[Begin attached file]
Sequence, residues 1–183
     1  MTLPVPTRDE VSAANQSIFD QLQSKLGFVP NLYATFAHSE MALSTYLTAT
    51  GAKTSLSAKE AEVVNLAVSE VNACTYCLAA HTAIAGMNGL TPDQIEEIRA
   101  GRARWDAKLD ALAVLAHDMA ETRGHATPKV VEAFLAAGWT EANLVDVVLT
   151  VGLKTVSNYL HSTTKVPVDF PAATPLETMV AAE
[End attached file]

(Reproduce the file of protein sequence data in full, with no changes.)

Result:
Sequence, residues 1–183
     1  MTLPVPTRDE VSAANQSIFD QLQSKLGFVP NLYATFAHSE MALSTYLTAT
    51  GAKTSLSAKE AEVVNLAVSE VNACTYCLAA HTAIAGMNGL TPDQIEEIRA
   101  GRARWDAKLD ALAVLAHDMA ETRGHATPKV VEAFLAAGWT EANLVDVVLT
   151  VGLKTVSNYL HSTTKVPVDF PAATPLETMV AAE